For those of you who have stuck with me after all this time, you should know by now that I mainly talk about five things: books, movies, video games, my bird, and random stuff that pops into my head. However, if you’ve visited the homepage of my blog, you might have noticed there is a little-used “Travel” category there too.
See, when I started this stupid bloggy thing, I imagined I would have a few trips that I could write about from time to time. Small getaways with friends, vacations with families, and special gaming conventions would all become fodder for this blogging category.
Yeah, 2020 really put a lid on those ideas.
As with everyone else who is social distancing and “sheltering at home,” my travel plans went out the window with the rise of COVID-19.
Normally, I actually wouldn’t mind. For one thing, a decrease in travel content translates to an increase in movie/book/video game content for the blog. For another, I’m a homebody. I don’t go places for fun very often.
But this was going to be the summer my sister and I went on a big adventure.
We had made plans (as in bought plane tickets, booked hotel rooms, and everything) to go to New York, Ireland, and Iceland this summer. While I might not have a major travel bug, my sister does, and I’m her favorite traveling companion. We were going to paint the globe red with our antics.
So that’s basically not going to happen now.
It’s the smart and safe thing to do. Now is not the time to be meeting new people and touching countless surfaces on a quest. I told my sister as much when the first coronavirus whispers were starting.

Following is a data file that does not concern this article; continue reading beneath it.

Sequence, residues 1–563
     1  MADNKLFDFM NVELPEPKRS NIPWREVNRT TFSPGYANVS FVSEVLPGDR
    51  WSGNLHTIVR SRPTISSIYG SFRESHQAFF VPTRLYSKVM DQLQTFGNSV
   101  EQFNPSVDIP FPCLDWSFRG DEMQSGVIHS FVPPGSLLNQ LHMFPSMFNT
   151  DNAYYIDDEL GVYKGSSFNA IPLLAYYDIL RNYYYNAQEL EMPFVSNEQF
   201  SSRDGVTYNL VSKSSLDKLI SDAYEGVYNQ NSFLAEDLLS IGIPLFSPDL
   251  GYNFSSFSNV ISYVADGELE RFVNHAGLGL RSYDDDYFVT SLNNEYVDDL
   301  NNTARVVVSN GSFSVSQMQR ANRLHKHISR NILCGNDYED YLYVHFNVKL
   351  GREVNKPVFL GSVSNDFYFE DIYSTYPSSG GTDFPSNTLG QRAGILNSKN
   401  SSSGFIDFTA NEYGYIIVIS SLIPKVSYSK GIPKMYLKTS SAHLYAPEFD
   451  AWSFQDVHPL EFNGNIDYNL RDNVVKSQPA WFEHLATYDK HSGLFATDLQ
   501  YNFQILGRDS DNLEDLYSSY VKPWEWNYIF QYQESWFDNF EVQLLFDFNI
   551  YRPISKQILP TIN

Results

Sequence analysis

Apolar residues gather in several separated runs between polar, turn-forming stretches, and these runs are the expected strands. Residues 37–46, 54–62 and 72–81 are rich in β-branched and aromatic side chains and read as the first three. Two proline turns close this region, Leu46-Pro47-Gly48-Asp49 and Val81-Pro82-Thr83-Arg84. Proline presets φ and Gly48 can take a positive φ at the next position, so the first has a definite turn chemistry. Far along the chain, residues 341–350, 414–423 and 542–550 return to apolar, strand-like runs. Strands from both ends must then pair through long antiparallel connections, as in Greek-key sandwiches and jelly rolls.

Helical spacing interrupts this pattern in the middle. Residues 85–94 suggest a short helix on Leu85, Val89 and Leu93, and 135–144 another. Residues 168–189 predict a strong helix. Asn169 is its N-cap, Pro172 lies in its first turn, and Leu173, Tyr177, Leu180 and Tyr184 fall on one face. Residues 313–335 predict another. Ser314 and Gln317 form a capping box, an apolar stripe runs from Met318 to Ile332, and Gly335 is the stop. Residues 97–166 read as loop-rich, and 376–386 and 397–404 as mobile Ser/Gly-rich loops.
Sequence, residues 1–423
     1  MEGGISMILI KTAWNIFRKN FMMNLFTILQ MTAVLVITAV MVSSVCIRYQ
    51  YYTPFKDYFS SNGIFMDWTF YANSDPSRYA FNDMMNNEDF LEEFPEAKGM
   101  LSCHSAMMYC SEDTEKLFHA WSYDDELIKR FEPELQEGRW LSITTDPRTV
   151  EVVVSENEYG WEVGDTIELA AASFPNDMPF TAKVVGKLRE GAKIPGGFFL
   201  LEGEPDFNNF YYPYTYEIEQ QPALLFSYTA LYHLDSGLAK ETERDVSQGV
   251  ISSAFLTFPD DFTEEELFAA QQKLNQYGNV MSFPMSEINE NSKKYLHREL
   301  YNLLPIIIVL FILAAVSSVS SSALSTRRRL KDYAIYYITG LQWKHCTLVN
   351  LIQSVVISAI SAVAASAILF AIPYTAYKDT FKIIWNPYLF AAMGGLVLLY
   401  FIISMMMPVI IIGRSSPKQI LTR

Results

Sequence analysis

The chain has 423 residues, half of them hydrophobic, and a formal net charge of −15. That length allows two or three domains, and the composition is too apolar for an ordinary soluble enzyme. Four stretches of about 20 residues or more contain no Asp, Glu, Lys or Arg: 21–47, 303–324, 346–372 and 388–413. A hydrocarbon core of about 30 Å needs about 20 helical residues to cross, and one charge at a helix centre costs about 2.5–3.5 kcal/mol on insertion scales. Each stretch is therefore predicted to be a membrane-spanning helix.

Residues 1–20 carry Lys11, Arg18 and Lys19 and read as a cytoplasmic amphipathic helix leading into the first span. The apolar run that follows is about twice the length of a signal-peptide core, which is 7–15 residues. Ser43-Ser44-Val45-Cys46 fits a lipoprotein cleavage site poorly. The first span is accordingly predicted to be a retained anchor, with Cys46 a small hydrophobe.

But that doesn’t mean I can’t be let down by it, right?
Anybody who has had to stuff plans for this summer (and this coming fall too, I bet) down the drain knows this dismay, this pang that hits your gut when you have to make the executive decision to not do something you wanted to do. It sucks.
And there’s not really a bright side to the situation aside from not getting yourself and others sick.
It’s at this point in time that I’m going to turn to one of my all-time favorite coping mechanisms, and that’s screaming into the void.
This evening, I’m going to take a very long walk. I have open fields of dirt for miles not fifteen minutes from where I live. (I live in an agricultural town, if you must know.) After walking for so long that I’m dead tired, I’m going to stop in a place where no one is around. Then I’m going to yell at the sunset.
I’m not mad at the sunset or anything. But the sunset won’t call me a whiner with first-world problems as I vent my disappointment in one nice, long shout.
And then I’ll go home and patiently wait for the time when I can go traveling with my sister once again.